has opened up about her time on Bachelor Nation, revealing in a new article that some scenes on set were purposefully cut out to create a more compelling narrative
for her to become the first Black
lawyer, who appeared on both “The Bachelor” and “The Bachelorette
,” spoke to Vulture about parting ways with the franchise in the wake of several race-related scandals, most notably host Chris Harrison
stepping down after defending a contestant accused of racism
She described the role she knew she had to play on a team dominated by white people
“I couldn’t be like the previous Bachelorettes — someone still living at home with her parents, who had ‘pageant queen’ on her résumé,” she explained. “I was a lawyer. My father was a federal judge
. I had a squeaky-clean record. I had to be a good Black girl, an exceptional Black girl. I had to be someone the viewer could accept. And I was a token until I made sure I wasn’t.”
The 36-year-old stated that she was taught from a young age to "speak out against injustices."
“It was the same with Bachelor Nation, and I don’t think they saw it coming,” she said of her experience.
Lindsay was also candid about how she felt viewers of her season were robbed of seeing her get a happy ending
because of how runner-up Peter Kraus was portrayed in comparison to Bryan Abasolo, whom she ultimately chose and married in 2019. Lindsay also stated that it was "extremely upsetting" to her that producers told her she "had to ration the Black men" during her season as "Bachelorette" because t
Lindsay revealed in one section of the interview
how the producers cut footage from her appearance on Nick Viall's season of "The Bachelor" to prepare her for the role of "The Bachelorette."
She described a scene with Vanessa Grimaldi, whom Viall eventually chose as the winner, in which the two were forced to discuss their differences. According to Lindsay, Grimaldi did not make as many friends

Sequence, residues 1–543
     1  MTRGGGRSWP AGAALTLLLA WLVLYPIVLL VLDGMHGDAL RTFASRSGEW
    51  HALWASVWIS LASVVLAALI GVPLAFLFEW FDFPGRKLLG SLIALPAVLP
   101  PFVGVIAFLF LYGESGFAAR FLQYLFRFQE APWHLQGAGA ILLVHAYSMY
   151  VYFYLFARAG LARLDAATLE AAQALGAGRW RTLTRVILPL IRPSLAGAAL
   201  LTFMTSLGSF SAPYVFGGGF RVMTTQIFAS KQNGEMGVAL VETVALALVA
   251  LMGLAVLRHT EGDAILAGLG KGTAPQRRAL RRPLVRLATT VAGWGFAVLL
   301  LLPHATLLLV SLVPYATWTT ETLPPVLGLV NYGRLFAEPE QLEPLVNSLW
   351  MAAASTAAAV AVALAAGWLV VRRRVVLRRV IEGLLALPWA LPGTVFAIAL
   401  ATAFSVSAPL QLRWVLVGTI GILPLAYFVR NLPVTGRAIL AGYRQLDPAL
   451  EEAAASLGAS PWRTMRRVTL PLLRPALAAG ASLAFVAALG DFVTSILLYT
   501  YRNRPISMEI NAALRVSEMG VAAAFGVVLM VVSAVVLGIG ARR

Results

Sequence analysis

in the house
as she did because Grimaldi liked Viall "so much she couldn't hear about how he kissed another woman."
When the two women
sat down to talk it out, Grimaldi accused Lindsay of bullying
her, and Lindsay insisted that she knew right away that "my Blackness was on display."
“I knew the audience was going to see me as an angry Black female,” she explained, before describing a scene in which Grimaldi claimed Lindsay had ostracized her.
“I never raised my voice because I was aware of what was going on. When she started crying, I knew, This is going to be bad. She's crying; I'm not. I'm going to look cold. We didn't come to any kind of agreement,” she explained.
Lindsay said she told producers after the discussion, "You don't understand what it's like to be a Black woman in this house full of white people and have a white woman cry in your face and call you a bully."
Lindsay claims that this was just one instance when producers shielded her from being shown on television
“Another time, I'd had two mixed drinks and was completely wasted. Astrid was holding my hair
back in the bathroom. (I drunkenly told her, 'You are my only real friend.') They could have brought cameras in there. They didn't,” she explained.
of the franchise, particularly Lindsay, have expressed their support for her candor in the interview on social media
, emphasizing that they "stand" with her:
Rachel Lindsay is a force to be reckoned with, and I'm glad she's finished with her bachelor contract so she can speak freely about the f*ckery. Only good things for her.https://t.co/i9jraO409t
— elena (@elenaiswriting) June 21, 2021
This article by @TheRachLindsay is beyond words! Thank you for continuing to speak truth to power in the face of many attempts to silence you. We stand with you. https://t.co/B0OXEuQnLm
— Ashley T (@AshTalksBach) June 21, 2021
This piece perfectly illustrates why I respect and support Rachel Lindsay: https://t.co/z9P8aVYS6j
(As told to @vulture) — Esther Lee (@theestherlee) June 21, 2021
Lindsay's entire piece can be found on Vulture.